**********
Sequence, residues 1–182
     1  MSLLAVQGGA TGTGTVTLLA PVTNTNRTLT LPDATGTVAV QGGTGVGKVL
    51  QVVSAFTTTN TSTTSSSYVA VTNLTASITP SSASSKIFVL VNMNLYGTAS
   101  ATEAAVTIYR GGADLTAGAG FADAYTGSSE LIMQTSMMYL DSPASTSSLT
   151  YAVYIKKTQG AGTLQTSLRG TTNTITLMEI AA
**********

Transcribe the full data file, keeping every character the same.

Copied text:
Sequence, residues 1–182
     1  MSLLAVQGGA TGTGTVTLLA PVTNTNRTLT LPDATGTVAV QGGTGVGKVL
    51  QVVSAFTTTN TSTTSSSYVA VTNLTASITP SSASSKIFVL VNMNLYGTAS
   101  ATEAAVTIYR GGADLTAGAG FADAYTGSSE LIMQTSMMYL DSPASTSSLT
   151  YAVYIKKTQG AGTLQTSLRG TTNTITLMEI AA